The U.S. Men’s Sled Hockey Team rallied to beat Canada in overtime in the gold-medal game, giving Team USA 13 gold medals, the most among any nation at PyeongChang.
By Josh Barr
Team USA dominated the PyeongChang 2018 Paralympic Winter Games, leading all nations with 13 gold medals and 36 medals in all. It was the second-highest total ever for Team USA at a Winter Paralympics and featured outstanding performances by several athletes, including Oksana Masters (two golds, two silvers, one bronze) and Dan Cnossen (one gold, four silvers, one bronze).
Andrew Kurka has always been competitive. He was a six-time Alaska state wrestling champion as a youth before an ATV accident at age 13 left him paralyzed from the waist down.
Alpine skier Andrew Kurka had to wait an extra four years for his first Paralympic race, but he was more than ready when the moment finally arrived.
Having broken his back in a training run at Sochi 2014, Kurka finally had his moment at PyeongChang, where he won gold in the men’s sitting downhill, finishing more than 1.5 seconds faster than the rest of the field.
“I wouldn’t change Sochi. I wouldn’t change anything that’s happened throughout my life,” Kurka said. “It’s all a journey and this is my journey to gold.”
The following day, Kurka added the silver medal in the men’s sitting super-G.
A three-sport Paralympian, Oksana Masters overcame a fractured elbow to finally win Paralympic gold.
Just 24 hours after it seemed Oksana Masters’ dreams of winning Paralympic gold had been dashed, the multisport athlete and four-time Paralympian delivered a dramatic victory.
Masters, who fractured her right elbow a few weeks before PyeongChang 2018, had reinjured her elbow in the 10km biathlon. She could not finish the race and was carried off the course in pain.
Four days later, however, Masters won gold in the women’s 1km sitting cross-country sprint.
“The sprint hurts really, really bad every time you drive your pole,” Masters said. “But it’s mind over matter, and I wasn’t gonna let that happen today.”
Masters followed that with a second gold in the women’s 5km sitting cross-country event and has won eight Paralympic medals. Her teammates also voted her to be the Closing Ceremony flag bearer at the PyeongChang 2018 Games.
Kendall Gretsch was correct: Her endurance as a world-class triathlete was a great fit for cross-country skiing.
A competitive triathlete, Kendall Gretsch took up Nordic skiing only after her triathlon classification was not selected for competition when that sport was added at the Rio de Janeiro 2016 Paralympic Games. Gretsch thought that her stamina might make her a good fit for the grueling nature of cross-country skiing.
Two years later, Gretsch became the first Team USA athlete to win an Olympic or Paralympic gold medal in biathlon, finishing first by more than half a minute in the 6km sitting biathlon. She followed that up the next day, adding a second gold in the 12km sitting cross-country.
“Going into the Games I was just hoping to maybe win a medal, so to win two golds was incredible,” Gretsch said. “I still feel pretty new to the sport so I’m trying to take all races as learning experiences. There’s a lot you can learn by practicing and training but on some level, you just have to get into races and do them to get better.”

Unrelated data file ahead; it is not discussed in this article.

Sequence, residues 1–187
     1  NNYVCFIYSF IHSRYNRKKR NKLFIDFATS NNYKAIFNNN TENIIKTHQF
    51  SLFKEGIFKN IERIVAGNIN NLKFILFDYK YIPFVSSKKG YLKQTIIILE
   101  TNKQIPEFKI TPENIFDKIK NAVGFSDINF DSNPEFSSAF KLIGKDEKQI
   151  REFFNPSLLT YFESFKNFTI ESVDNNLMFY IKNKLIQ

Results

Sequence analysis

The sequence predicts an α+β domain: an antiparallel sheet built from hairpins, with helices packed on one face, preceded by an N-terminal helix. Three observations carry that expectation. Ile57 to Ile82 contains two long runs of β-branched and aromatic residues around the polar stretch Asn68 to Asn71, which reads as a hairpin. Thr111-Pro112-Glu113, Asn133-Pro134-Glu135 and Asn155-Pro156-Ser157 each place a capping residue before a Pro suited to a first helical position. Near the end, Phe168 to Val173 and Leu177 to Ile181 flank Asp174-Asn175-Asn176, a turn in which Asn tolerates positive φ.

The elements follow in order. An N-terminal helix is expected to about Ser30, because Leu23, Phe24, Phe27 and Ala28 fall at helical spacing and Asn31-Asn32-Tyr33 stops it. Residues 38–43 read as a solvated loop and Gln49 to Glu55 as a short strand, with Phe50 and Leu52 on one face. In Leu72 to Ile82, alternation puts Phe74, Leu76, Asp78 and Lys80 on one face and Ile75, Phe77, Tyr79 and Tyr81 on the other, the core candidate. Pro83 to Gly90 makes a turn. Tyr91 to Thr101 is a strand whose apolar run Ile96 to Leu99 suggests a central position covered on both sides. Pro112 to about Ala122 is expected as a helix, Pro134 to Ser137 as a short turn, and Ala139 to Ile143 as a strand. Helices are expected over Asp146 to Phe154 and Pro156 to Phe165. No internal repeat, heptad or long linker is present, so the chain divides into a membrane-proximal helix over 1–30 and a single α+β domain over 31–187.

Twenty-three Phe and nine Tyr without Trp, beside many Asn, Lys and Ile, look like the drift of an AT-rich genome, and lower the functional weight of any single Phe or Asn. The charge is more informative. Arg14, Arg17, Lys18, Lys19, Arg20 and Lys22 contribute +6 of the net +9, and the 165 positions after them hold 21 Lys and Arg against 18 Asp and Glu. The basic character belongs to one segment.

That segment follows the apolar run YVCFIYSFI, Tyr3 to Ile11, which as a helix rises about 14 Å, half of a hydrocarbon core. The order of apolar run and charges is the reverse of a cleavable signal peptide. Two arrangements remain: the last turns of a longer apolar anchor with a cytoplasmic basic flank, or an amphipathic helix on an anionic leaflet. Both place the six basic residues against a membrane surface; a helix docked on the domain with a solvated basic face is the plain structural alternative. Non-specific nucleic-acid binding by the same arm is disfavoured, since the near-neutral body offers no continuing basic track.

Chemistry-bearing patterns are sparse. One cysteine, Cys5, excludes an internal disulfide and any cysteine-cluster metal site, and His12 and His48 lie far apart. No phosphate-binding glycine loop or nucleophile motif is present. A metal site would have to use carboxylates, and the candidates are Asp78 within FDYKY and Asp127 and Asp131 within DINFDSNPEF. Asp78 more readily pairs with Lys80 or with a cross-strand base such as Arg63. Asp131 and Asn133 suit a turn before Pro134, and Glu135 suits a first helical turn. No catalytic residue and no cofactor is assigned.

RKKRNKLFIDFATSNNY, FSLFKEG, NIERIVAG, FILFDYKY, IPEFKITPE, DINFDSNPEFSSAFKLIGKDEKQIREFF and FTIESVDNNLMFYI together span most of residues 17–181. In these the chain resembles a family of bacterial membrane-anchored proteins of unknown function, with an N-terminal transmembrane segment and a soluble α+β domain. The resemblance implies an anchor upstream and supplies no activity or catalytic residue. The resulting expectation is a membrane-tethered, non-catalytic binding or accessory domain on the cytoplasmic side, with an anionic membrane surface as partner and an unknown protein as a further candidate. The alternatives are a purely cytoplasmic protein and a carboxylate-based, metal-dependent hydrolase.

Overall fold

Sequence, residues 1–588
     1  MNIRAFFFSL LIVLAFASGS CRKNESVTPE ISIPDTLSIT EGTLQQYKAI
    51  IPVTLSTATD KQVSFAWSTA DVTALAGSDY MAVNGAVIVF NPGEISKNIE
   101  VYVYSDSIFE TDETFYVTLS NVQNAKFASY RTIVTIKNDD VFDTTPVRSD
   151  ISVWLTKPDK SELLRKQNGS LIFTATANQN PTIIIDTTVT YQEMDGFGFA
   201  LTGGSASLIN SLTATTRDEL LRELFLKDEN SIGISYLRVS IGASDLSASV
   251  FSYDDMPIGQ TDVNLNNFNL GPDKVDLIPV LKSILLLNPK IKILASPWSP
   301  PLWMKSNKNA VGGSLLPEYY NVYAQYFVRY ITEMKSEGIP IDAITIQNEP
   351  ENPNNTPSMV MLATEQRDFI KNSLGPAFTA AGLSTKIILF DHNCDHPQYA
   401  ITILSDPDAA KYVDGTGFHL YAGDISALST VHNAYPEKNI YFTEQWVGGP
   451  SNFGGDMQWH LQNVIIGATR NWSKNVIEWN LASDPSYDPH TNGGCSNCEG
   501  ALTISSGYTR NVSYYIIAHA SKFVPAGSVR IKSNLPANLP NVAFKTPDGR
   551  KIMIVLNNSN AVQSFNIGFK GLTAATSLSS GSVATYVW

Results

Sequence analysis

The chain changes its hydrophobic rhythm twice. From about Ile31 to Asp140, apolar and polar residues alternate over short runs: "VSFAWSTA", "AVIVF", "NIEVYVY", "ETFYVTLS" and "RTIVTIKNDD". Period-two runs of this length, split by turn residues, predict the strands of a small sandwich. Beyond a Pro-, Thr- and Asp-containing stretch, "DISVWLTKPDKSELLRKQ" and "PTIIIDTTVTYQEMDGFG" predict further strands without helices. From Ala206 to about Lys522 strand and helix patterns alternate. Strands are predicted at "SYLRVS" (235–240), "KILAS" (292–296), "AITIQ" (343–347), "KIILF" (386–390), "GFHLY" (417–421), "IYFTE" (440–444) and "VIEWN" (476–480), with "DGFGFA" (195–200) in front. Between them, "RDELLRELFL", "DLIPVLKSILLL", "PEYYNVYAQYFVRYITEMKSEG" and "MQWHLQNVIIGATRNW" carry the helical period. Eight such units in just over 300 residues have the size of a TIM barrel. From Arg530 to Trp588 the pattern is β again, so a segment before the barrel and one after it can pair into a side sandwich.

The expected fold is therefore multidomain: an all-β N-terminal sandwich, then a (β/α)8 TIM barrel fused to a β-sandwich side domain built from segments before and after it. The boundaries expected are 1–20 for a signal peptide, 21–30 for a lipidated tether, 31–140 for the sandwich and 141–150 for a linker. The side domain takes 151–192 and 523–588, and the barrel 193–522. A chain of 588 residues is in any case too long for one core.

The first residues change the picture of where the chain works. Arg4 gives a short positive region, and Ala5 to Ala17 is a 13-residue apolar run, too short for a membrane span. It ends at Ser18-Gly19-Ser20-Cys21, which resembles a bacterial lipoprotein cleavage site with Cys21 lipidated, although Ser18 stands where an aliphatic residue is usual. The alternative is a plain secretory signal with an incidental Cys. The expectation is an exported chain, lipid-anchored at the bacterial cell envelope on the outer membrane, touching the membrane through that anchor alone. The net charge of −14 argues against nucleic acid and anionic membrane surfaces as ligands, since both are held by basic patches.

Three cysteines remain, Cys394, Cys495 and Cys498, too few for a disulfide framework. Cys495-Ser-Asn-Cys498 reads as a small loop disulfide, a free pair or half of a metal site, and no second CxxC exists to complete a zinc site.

Declan Farmer (pictured above) scored the game-tying and game-winning goals as Team USA beat Canada, 2-1 in overtime, in the gold-medal game.
Trailing by a goal in the final minute of regulation to an opponent that had not allowed a goal in the entire tournament, the U.S. Sled Hockey Team was desperate in the gold-medal game against Canada. But with goalie Steve Cash on the bench for an extra skater, a Canadian shot at the empty net bounced harmlessly off the post.
Given one last chance, Team USA took advantage. Brody Roybal’s centering pass found Declan Farmer in the slot and Farmer scored to tie the game, 1-1, with 37 seconds left in regulation. Farmer then scored his 11th goal of the tournament – tying the record for most goals by a player in a Paralympics – lifting Team USA to a thrilling 2-1 victory and its third consecutive Paralympic gold medal.
“It’s an absolutely unbelievable feeling,” Team USA captain Josh Pauls said. “To win a gold medal with such great guys and fight back the way we did is just something that we’re always going to remember.”
Retired U.S. Navy SEAL Dan Cnossen said he looks at his daily training plan – conditioning, strength training, stretching, nutrition and more – as his orders to follow.
Hours after Kendall Gretsch became the first American of either gender to win biathlon gold in the Olympics or Paralympics, retired U.S. Navy SEAL Dan Cnossen became the first American man to win gold in biathlon, finishing first in the men’s 7.5km sitting biathlon by more than 10 seconds.
Cnossen said he was so focused on the race that upon reaching the finish line, he did not look at his time or result and it was minutes later that he learned he had won.
“I just focused on what I can do and nothing else matters,” Cnossen said. “I crossed the line and I wasn’t even going to look at the board and I was pleasantly surprised at the end.”
Cnossen also won four silver medals (12.5km biathlon, 15km cross-country, 15km biathlon and 7.5km cross-country) and one bronze (cross-country sprint).